Office of Technology Transfer – University of Michigan

N2 Times Pulse Energy Enchancement Using Coherent Addition of N Orthogonally Phase Modulated Periodic Signals

Technology #5428

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Almantas Galvanauskas
Managed By
Richard Greeley
Senior Licensing Specialist, Engineering 734-936-2093
Patent Protection
US Patent Pending


This invention provides with a new-frontier type of laser capability that currently does not exist: it enables lasers that simultaneously can produce very high pulse energy and very high average power. Current lasers can do either one of the two but none of the existing laser solutions can do both simultaneously. This solution is in general applicabe to any periodically-pulsed format, but it is expected that its greatest impact will be in the area of ultrashort-pulse lasers. We believe that it should enable compact TW - PW peak power lasers with multi-kW average power. It can be implemented with any type of laser gain medium, but should be especially useful when implemented with fiber laser technology. The idea exploits coherent beam combining of a laser array, but is based on an entirely new approach, which does not seem to be described in any prior art.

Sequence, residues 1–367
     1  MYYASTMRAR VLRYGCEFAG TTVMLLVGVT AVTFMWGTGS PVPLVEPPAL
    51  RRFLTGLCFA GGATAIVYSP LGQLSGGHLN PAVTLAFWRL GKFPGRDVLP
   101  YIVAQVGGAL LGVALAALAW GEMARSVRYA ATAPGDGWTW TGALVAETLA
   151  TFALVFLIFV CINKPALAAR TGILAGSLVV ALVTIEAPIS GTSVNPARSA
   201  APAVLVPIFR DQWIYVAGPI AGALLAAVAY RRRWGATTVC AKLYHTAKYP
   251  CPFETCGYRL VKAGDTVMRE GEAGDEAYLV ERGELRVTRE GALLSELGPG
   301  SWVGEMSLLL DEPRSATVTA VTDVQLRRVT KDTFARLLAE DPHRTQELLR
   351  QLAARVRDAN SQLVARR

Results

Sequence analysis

This is a completely new technical paradigm in that it uses coherent laser-beam combining not only to add-up laser power and energy “in parallel”, but also (this is the key unique aspect of the invention) interferes these combined signals in the time domain so that energy is re-distributed “longitudinally”. In essence it replaces the conventional laser scaling approcah where high power and enegy is extracted simply by using a larger crystal, with the new approach when instead of a laser crystal an “optical circuit” s used consisting of a number of integrated fiber-laser “boards”, and the generation of high pulse energies is achieved by synthesing a combined waveform (i.e. in effect “computing” this waveform).


Application areas are very broad. First, since this can enable TW-PW peak power and multi-kW average power lasers, it should have a revolutionary impact on moving high-intensity laser-plasma accelerators from laboratory to wide-spread practical use. For example, this could enable portable and affordable high-brightness X-ray sources wih characteristics matching those of current Synchrotron sources (which are billion-$ scale facitlities), particle accelerators for material processing and medical applications, portable neutron, gamm and other particle sources for homeland security applications, etc. Second, high energy and high power nanosecond pulse sources could potentialy replace very large and expensive eximer lasers used in electronics industry. In the near term such lasers would have a large demand as scientific facilities.


  • compact, portable, and efficienct practical high-energy lasers
  • achieving currently not available combination of high pulse energy and high average average power